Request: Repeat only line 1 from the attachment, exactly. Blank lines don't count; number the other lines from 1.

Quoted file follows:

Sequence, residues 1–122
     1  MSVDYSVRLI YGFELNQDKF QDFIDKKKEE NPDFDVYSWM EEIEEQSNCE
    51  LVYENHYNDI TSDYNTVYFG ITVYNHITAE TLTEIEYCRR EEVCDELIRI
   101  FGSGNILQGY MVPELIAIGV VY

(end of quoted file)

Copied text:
Sequence, residues 1–122